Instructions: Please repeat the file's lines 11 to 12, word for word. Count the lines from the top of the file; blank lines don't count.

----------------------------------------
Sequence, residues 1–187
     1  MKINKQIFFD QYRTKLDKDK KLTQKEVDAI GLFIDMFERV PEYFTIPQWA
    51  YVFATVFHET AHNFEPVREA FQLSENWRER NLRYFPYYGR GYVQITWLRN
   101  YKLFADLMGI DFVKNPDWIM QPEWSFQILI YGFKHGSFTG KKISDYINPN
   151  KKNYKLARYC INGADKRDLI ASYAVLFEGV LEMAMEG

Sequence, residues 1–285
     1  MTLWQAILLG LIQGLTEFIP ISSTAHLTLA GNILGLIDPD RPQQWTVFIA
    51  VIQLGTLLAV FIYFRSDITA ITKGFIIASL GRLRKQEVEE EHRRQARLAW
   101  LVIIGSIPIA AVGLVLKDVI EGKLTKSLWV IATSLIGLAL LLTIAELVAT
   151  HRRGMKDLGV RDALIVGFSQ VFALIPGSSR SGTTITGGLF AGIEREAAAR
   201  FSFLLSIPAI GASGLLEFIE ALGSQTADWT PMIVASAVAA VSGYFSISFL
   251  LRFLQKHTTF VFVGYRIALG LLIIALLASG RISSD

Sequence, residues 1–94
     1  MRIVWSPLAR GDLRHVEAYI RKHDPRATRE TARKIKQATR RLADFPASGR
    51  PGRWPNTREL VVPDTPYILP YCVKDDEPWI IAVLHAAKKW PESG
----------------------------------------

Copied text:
   201  FSFLLSIPAI GASGLLEFIE ALGSQTADWT PMIVASAVAA VSGYFSISFL
   251  LRFLQKHTTF VFVGYRIALG LLIIALLASG RISSD